Economic Development of Modern China (ECON 221)
Aims to provide the student with a sophisticated understanding of economic development in China. The historical circumstances and resource endowments which have constrained Chinese economic development are examined as a basis for analyzing the intentions and success of policies adopted since 1949. Prerequisites: Economics 111, 112, or permission.
Health Economics (ECON 222)
Explores the health care sector and health policy issues from an economic perspective. Topics include the production of and demand for health and health care, moral hazard and adverse selection in insurance markets, information asymmetries in physician-patient relationships, regulation and payment systems for providers, medical technology, the pharmaceutical industry, Medicare, Medicaid and other social insurance programs, and national health care reform and comparisons to other countries. Prerequisites: Econ 111, 112, 110 or 199 (Principles of Economics). One unit.
Environmental Economics (ECON 224)
Shows how natural resource usage and environmental issues can be analyzed from an economic perspective. Presents the basic concepts of environmental economics and develops the analytical and policy tools used in environmental economics. Considers the problems of air pollution, water pollution and solid and hazardous waste management, their causes and how they can be reduced. Other topics such as global warming, amendments to the Clean Air Act and international environmental issues will be discussed. Prerequisites: Economics 111, 112. One unit.
Financial Markets and Institutions (ECON 230)
A basic introduction to the main features of financial institutions and markets in the United States. First part covers interest rates, including rate of return calculations, how markets determine the overall level of interest rates and why different securities pay different interest rates. Second part covers financial markets and the assets that are traded on those markets, including the money, bond, stock and derivatives markets. Last section details workings of some financial institutions, including banks, mutual funds and investment banks. When discussing these institutions, particular attention is paid to conflicts of interest. Prerequisites: Economics 111, 112.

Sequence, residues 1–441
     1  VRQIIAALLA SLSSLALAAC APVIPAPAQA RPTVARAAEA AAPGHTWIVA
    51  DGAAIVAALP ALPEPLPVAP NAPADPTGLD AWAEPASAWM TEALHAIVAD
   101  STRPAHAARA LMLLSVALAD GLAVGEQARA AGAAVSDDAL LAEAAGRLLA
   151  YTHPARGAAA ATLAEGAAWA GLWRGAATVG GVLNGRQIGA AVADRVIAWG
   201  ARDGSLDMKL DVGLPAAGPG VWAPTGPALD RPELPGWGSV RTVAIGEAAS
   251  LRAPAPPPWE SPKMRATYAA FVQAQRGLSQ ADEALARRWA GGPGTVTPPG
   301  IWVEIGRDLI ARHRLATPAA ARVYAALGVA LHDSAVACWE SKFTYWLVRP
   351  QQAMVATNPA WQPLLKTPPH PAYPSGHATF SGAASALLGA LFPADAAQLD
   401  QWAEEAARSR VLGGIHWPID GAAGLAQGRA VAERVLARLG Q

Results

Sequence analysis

Statistics (ECON 249)
An introduction to statistical methods emphasizing the statistical tools most frequently used in economic analysis. Topics include descriptive statistics, probability theory, random variables and their probability distributions, estimation, hypothesis testing and linear regression analysis. Students may take MATH 376 in place of this course but may not take both courses. Prerequisites: Economics 111 or 112. One unit.
African Economies (ECON 299)
The course will explore the major economic dynamics, both positive and negative, in the economies of Sub-Saharan African countries. These will include interrelated issues such as economic growth, income inequality and poverty, international trade and finance, and economic factors in conflict and peacebuilding and vice versa. The recent debates about the 'Africa Rising' narrative that developed 2000-2010 will help focus our study. Since this course is for non-economics majors, the students will bring the perspectives of their own discipline, such as politics or music, in a way that will enrich the discussion. The national dynamics vary widely among these 50+ countries so each student will follow a particular country or region throughout the course, making a presentation on its dynamics and writing a paper on his or her research.
Critical Reading and Writing: Fiction (ENGL 121)
Course topics are the elements of fiction: narrative structures, various aspects of style, and point of view. This course is also devoted to the writing of student essays on the literature. One unit.
Critical Reading and Writing: Drama (ENGL122)